As the manner of taking wild horses should not be generally known to my readers, I will relate it here in few words. The Indian who wishes to capture some horses, mounts one of his fleetest coursers, being armed with a long cord of horsehair, one end of which is attached to his saddle, and the other is a running noose. Arrived at the herd, he dashes into the midst of it, and flinging his cord, or lasso, passes it dexterously over the head of the animal he selects; then wheeling his courser, draws the cord after him; the wild horse, finding itself strangling, makes little resistance; the Indian then approaches, ties his fore and hind legs together, and leaves him till he has taken in this manner as many as he can. He then drives them home before him, and breaks them in at leisure.
Meeting with the Widow of a Hunter.—Her Narrative.—Reflections of the Author.—Priest’s Rapid.—River Okenakan.—Kettle Falls.—Pine Moss.—Scarcity of Food.—Rivers, Lakes, &c.—Accident.—A Rencontre.—First View of the Rocky Mountains.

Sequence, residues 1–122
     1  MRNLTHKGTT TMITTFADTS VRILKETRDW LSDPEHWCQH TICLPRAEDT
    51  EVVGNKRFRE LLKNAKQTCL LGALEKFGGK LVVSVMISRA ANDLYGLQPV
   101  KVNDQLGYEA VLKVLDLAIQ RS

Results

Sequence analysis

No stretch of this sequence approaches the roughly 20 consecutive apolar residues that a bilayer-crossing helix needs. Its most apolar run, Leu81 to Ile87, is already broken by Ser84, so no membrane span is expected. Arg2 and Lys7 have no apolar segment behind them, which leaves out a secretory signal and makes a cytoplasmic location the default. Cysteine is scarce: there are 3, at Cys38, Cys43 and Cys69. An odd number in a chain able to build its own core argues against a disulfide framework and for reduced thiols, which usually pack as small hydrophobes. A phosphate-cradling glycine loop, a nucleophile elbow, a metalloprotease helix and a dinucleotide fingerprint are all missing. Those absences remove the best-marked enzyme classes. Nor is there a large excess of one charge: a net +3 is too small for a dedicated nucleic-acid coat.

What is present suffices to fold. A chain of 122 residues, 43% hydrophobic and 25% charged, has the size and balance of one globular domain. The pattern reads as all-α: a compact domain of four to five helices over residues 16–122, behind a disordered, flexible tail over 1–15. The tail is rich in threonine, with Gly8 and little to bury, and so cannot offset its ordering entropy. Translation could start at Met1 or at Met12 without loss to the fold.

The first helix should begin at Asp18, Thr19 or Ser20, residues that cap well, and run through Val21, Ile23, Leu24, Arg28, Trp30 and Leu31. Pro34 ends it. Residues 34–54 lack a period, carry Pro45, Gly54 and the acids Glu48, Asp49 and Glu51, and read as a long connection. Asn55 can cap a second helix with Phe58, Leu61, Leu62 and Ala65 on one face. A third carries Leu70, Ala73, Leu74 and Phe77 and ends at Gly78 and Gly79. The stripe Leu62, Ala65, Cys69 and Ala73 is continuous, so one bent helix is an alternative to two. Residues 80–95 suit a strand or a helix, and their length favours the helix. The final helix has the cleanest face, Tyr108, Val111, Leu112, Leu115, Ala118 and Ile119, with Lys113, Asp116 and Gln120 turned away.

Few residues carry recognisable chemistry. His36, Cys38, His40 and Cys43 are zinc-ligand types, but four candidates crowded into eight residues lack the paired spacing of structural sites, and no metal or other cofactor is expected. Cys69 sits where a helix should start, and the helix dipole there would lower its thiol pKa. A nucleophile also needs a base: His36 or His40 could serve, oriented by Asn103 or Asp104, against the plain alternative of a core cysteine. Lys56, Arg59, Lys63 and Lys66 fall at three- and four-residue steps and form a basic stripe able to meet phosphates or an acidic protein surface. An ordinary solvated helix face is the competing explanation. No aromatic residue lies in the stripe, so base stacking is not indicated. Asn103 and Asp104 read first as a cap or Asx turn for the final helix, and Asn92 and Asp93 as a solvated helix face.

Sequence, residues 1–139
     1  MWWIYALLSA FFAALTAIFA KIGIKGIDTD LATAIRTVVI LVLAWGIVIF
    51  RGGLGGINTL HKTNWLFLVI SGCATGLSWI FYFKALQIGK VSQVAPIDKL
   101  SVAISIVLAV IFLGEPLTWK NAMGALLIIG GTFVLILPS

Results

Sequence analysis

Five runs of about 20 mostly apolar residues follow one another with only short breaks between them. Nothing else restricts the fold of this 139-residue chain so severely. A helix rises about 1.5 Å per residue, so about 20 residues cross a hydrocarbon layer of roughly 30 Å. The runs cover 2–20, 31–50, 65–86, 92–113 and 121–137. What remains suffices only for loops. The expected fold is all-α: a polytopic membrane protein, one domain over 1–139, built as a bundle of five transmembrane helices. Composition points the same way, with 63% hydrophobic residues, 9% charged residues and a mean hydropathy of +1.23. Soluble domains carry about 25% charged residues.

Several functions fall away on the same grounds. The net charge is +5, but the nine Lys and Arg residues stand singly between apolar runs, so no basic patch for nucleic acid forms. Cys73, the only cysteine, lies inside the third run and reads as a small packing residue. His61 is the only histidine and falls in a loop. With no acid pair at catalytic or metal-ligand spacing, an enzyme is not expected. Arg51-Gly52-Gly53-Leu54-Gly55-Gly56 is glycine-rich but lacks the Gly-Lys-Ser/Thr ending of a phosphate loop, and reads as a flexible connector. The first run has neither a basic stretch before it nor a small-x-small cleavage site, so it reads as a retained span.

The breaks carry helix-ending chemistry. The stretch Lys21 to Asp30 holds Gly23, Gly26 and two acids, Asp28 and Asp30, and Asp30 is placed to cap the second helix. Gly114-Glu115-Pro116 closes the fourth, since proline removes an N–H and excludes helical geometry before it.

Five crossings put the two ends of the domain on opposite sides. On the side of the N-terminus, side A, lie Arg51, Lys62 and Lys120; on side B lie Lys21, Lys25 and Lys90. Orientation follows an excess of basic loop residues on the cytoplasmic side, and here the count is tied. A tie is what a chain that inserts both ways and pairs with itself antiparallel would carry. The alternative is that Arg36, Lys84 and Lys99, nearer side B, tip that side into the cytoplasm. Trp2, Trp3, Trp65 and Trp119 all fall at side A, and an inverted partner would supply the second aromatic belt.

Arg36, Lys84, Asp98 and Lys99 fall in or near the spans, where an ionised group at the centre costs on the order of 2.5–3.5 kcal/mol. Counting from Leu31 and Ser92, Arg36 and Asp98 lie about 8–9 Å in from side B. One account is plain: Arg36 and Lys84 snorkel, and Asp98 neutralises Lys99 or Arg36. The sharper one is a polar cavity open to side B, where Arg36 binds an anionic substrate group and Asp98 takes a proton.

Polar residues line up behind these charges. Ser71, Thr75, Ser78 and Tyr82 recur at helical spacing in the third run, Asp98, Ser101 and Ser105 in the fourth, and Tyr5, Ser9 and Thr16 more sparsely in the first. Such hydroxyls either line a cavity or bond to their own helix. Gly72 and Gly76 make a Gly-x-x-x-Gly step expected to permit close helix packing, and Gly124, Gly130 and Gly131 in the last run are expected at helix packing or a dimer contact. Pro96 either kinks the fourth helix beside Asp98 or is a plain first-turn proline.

On the 17th, the fatigue I had experienced the day before, on horseback, obliged me to re-embark in my canoe. About eight o’clock, we passed a little river flowing from the N.W. We perceived, soon after, three canoes, the persons in which were struggling with their paddles to overtake us. As we were still pursuing our way, we heard a child’s voice cry out in French—“arretez donc, arretez donc”—(stop! stop!). We put ashore, and the canoes having joined us, we perceived in one of them the wife and children of a man named Pierre Dorion, a hunter, who had been sent on with a party of eight, under the command of Mr. J. Reed, among the Snakes, to join there the hunters left by Messrs. Hunt and Crooks, near Fort Henry, and to secure horses and provisions for our journey. This woman informed us, to our no small dismay, of the tragical fate of all those who composed that party. She told us that in the month of January, the hunters being dispersed here and there, setting their traps for the beaver, Jacob Regner, Gilles Leclerc, and Pierre Dorion, her husband, had been attacked by the natives. Leclerc, having been mortally wounded, reached her tent or hut, where he expired in a few minutes, after having announced to her that her husband had been killed. She immediately took two horses that were near the lodge, mounted her two boys upon them, and fled in all haste to the wintering house of Mr. Reed, which was about five days’ march from the spot where her husband fell. Her horror and disappointment were extreme, when she found the house—a log cabin—deserted, and on drawing nearer, was soon convinced, by the traces of blood, that Mr. Reed also had been murdered. No time was to be lost in lamentations, and she had immediately fled toward the mountains south of the Wallawalla, where, being impeded by the depth